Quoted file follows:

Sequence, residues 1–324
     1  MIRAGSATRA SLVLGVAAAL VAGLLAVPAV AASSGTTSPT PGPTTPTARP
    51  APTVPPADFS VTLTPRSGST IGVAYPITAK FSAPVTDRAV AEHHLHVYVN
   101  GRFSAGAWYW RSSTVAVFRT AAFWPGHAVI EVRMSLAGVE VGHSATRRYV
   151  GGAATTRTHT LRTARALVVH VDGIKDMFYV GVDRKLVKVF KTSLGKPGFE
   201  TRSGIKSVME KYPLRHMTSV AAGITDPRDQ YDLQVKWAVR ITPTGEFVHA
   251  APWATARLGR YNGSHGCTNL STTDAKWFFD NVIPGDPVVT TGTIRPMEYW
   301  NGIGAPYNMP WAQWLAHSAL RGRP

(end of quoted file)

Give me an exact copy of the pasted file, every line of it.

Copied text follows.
Sequence, residues 1–324
     1  MIRAGSATRA SLVLGVAAAL VAGLLAVPAV AASSGTTSPT PGPTTPTARP
    51  APTVPPADFS VTLTPRSGST IGVAYPITAK FSAPVTDRAV AEHHLHVYVN
   101  GRFSAGAWYW RSSTVAVFRT AAFWPGHAVI EVRMSLAGVE VGHSATRRYV
   151  GGAATTRTHT LRTARALVVH VDGIKDMFYV GVDRKLVKVF KTSLGKPGFE
   201  TRSGIKSVME KYPLRHMTSV AAGITDPRDQ YDLQVKWAVR ITPTGEFVHA
   251  APWATARLGR YNGSHGCTNL STTDAKWFFD NVIPGDPVVT TGTIRPMEYW
   301  NGIGAPYNMP WAQWLAHSAL RGRP